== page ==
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Chapter 7 Section 3

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  1. Chapter 7 Section 3

  2. The Southern Economy • A. The South’s economy was based on several major cash crops. These included tobacco, rice, and sugarcane. Cotton was the major cash crop. • In 1793 Eli Whitney invented the cotton gin, which combed the seeds out of cotton bolls. This invention greatly increased the production of cotton in the South. At the same time the cotton gin was invented, textile mills in Europe wanted more and more cotton. The cotton gin made southern planters rich, but it created a huge demand for slave labor. Between 1820 and 1860, the number of enslaved people in the South almost tripled. • The South did not industrialize as quickly as the North. Some Southern industry included coal, iron, salt, copper mines, ironworks, and textile mills. The region relied mostly on imported goods, however.

  3. Society in the South • A. A class structure developed in the South. The top class was the planters, or plantation owners.This group dominated the region’s economy and political and legal systems. • Yeoman farmers, or ordinary farmers who usually worked the land themselves, made up most of the white population of the South.

  4. Society in the South • Near the bottom of the social ladder were the rural poor, who mostly hunted, fished, gardened, and raised a few hogs and chickens. African Americans, most of whom were enslaved, made up the bottom of Southern society. • A small urban class of professionals also were included in Southern society.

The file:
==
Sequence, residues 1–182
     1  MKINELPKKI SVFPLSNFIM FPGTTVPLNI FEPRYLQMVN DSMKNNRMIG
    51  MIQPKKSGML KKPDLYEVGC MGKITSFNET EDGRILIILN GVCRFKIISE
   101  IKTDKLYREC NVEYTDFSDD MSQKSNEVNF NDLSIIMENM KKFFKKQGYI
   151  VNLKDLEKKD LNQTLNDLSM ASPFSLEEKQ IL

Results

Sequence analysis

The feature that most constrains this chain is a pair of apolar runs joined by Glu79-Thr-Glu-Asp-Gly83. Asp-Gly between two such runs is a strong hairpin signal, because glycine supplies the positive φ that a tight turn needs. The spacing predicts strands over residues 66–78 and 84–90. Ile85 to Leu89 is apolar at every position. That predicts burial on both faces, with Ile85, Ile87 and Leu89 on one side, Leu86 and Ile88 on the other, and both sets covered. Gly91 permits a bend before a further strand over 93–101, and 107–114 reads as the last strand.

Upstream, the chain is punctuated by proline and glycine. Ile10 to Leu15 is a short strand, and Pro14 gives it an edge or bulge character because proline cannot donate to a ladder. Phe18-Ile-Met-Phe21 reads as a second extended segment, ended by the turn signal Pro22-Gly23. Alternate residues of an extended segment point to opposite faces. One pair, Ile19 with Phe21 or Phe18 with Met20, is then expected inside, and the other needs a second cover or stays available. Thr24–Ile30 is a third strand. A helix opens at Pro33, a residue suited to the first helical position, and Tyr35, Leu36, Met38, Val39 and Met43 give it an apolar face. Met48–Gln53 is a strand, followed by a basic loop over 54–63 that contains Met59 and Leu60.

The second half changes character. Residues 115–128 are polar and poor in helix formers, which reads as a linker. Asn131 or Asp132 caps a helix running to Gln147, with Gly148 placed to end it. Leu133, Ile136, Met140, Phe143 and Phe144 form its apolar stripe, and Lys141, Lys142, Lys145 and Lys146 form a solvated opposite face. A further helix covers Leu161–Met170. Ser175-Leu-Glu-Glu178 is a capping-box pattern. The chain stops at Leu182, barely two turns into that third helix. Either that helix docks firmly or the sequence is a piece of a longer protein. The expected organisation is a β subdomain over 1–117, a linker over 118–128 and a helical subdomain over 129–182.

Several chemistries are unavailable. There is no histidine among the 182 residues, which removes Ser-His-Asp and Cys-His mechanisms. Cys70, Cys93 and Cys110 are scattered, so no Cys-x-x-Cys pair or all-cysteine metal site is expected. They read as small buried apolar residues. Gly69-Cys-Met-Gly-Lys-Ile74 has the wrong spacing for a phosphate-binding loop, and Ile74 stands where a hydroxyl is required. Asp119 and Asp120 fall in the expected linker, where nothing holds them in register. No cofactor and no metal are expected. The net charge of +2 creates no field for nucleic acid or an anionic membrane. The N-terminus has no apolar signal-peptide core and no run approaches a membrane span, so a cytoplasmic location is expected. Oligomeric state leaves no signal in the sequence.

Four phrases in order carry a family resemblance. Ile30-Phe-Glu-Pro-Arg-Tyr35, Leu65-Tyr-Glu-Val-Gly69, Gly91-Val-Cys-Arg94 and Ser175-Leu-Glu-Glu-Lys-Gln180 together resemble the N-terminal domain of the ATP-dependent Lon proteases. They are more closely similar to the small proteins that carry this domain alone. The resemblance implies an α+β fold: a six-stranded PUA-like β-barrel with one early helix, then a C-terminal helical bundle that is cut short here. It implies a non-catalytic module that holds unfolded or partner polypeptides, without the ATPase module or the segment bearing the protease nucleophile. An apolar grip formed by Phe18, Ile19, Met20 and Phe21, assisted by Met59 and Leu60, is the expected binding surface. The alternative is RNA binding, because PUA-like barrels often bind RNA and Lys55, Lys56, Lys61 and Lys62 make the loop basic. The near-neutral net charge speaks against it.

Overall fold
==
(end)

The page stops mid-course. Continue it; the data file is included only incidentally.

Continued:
5. Slavery • Some enslaved African Americans worked as factory workers, as skilled workers, or as house servants. Most enslaved African Americans, however, worked in the fields. • There were two basic labor systems. The task system was used on farms and small plantations. Under this system, workers were given specific jobs to finish every day. They worked until their tasks were done, and then they were allowed to do other things. Some enslaved people earned money as artisans, or they gardened or hunted for extra food. • Large plantations used the gang system. Under this system, enslaved persons were put in work gangs that labored in the fields from sunup to sundown. The director of the work gang was called the driver.

  6. Slavery • Frederick Douglass was a former slave who became a leader of the antislavery movement. • State slave codes forbade enslaved persons from owning property or from leaving their owner’s land without permission. They could not own firearms or testify in court against a white person. They could not learn to read and write. • Free African Americans lived in both the South and the North. A few of them were descendants of Africans brought to the United States as indentured servants in the 1700s. Some earned their freedom from fighting in the American Revolution. Others were half-white children of slaveholders, who had given them freedom. Others had bought their freedom or had been freed by their slaveholders. Free African Americans also lived in the North, where slavery had been outlawed.

  7. Coping with Enslavement • African Americans developed a culture that provided them with a sense of unity, pride, and support. • Songs helped field workers pass the long workday and enjoy their leisure time. Songs were important to African American religion. Many African Americans believed in Christianity, which sometimes included some African religious traditions. • Many enslaved persons rebelled against their forced lifestyle. They held work slow- downs, broke tools, set fires, or ran away. Some killed their slaveholders.

  8. Coping with Enslavement • In 1821 Denmark Vesey, a free African American who had a woodworking shop in Charleston, South Carolina, was accused of planning a revolt to free the region’s slaves. Before the revolt, however, Vesey was arrested and hung. • In 1831 Nat Turner, an enslaved minister who believed that God chose him to free his people, led a group of African Americans in an uprising. Turner and his followers killed more than 50 white people before he was arrested and hung.